Indian foreign secretary to visit Pakistan next week

US President Obama played crucial role to persuade Narendra Modi to re-engage in dialogue with Pakistan, sources say

Kamran Yousuf February 24, 2015
Indian foreign secretary, S. Jaishankar. PHOTO: AFP/FILE

ISLAMABAD: In a move that may help the two nuclear-armed neighbours to resume their stalled peace process, Indian foreign secretary is expected to arrive in the federal capital next week.

A foreign office official confirmed to The Express Tribune on Tuesday that Indian Foreign Secretary S Jiashankar would be visiting Islamabad in the first week of March.

The top Indian diplomat is visiting Pakistan as part of his trip to member states of South Asian Association for Regional Cooperation (SAARC).

However, the ‘SAARC card’ is apparently being used by Indian government for domestic compulsions.

It is believed that US President Barrack Obama played a crucial role in persuading Indian Prime Minister Narendra Modi to re-engage in dialogue with Pakistan.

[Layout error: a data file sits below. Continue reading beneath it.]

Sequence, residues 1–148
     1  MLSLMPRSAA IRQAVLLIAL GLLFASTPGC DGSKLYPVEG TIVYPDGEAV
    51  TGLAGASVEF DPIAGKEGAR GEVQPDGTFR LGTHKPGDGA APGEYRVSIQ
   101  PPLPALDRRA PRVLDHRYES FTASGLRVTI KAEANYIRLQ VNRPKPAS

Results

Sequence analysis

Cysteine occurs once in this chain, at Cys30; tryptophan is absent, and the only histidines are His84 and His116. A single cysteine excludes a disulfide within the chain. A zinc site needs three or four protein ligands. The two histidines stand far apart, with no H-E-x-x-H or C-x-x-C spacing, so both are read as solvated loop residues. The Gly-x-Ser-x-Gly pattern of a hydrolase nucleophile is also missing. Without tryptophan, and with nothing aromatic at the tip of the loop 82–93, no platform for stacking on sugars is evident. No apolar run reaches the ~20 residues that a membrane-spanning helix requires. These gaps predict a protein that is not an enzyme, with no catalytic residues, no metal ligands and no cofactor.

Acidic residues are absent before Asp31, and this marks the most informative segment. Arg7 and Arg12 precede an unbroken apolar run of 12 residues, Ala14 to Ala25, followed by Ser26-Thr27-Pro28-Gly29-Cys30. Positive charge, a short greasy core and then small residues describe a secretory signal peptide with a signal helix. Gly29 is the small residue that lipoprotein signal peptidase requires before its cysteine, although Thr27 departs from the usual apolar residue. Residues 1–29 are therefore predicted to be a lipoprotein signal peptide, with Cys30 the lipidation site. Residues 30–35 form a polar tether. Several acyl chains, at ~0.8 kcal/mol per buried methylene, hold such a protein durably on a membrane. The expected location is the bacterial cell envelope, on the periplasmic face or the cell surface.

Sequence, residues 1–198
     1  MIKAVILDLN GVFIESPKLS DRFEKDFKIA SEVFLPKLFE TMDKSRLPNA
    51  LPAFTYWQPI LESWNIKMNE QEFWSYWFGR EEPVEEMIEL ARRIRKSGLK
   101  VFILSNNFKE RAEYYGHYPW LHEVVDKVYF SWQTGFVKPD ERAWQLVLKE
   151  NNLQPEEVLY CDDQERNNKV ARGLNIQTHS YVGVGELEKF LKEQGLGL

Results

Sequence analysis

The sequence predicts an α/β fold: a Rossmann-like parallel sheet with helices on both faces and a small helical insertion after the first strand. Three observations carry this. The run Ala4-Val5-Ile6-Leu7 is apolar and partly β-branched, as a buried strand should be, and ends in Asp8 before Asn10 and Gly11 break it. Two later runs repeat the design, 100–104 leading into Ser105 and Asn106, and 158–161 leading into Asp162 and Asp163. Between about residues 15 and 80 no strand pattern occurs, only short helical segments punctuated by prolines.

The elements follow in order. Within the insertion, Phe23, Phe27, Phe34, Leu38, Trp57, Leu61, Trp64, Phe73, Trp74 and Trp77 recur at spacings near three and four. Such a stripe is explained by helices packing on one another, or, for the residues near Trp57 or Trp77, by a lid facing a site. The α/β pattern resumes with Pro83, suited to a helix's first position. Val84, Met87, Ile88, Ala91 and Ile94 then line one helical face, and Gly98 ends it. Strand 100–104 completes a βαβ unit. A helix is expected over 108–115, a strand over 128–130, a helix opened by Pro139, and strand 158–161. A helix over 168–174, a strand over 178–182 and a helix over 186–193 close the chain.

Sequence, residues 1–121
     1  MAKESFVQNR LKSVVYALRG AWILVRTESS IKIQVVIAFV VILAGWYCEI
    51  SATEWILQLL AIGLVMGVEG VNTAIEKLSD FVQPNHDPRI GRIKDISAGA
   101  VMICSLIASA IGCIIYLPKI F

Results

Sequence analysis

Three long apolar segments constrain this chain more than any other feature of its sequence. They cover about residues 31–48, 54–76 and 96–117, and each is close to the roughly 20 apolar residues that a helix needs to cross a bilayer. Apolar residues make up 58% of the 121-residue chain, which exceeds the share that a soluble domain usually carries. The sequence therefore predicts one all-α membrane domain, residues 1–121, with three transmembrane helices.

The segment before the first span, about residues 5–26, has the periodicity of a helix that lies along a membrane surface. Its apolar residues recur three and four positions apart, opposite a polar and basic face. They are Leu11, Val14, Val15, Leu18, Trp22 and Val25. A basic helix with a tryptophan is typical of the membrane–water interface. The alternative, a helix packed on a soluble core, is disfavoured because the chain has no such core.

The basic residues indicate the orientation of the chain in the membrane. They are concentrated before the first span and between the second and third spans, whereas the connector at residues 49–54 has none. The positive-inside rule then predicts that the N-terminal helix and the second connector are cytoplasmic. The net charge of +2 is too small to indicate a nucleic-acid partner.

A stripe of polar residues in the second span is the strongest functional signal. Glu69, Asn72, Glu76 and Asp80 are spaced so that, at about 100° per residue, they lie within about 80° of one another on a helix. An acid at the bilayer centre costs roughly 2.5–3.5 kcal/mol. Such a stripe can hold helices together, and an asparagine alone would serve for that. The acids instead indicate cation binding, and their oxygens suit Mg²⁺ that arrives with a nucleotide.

On February 13, Modi telephoned Prime Minister Nawaz Sharif and conveyed him that he was sending the foreign secretary to all SAARC countries, including Pakistan.

The Indian foreign secretary will hold crucial talks with his Pakistani counterpart Aizaz Ahmed Chaudhry.

According to the foreign office officials, agenda of the talks is being finalised. The officials added that all issues including future of the composite dialogue would be discussed.

Jiashankar’s visit of foreign secretary is seen as significant development as this may help ease tensions between the two nuclear armed neighbors.


Salman | 8 years ago | Reply One of the most critical ingredients for achieving regional stability and prosperity is creating a peaceful and stable future of Indo-Pak relations. It is important for both states to resolve the issues through bilateral negotiations without any hindrance.
Kundan Khan | 8 years ago | Reply The latest firing incidents across the Line of Control (LoC), particularly the killing of a Pakistani soldier, who had strayed across the LOC, and the threatening statements made by the Indian commanders during the past few weeks were designed to convey to Pakistan that it would have to accept India’s hegemony and learn to live in a subordinate position in the region. Pakistan’s domestic political instability, the debilitating war on terror in which it is engaged, its deplorable economic performance over the past decade and a half, and the constant American pressure on it because of the crisis in Afghanistan have worked to weaken Pakistan’s position vis-à-vis India.
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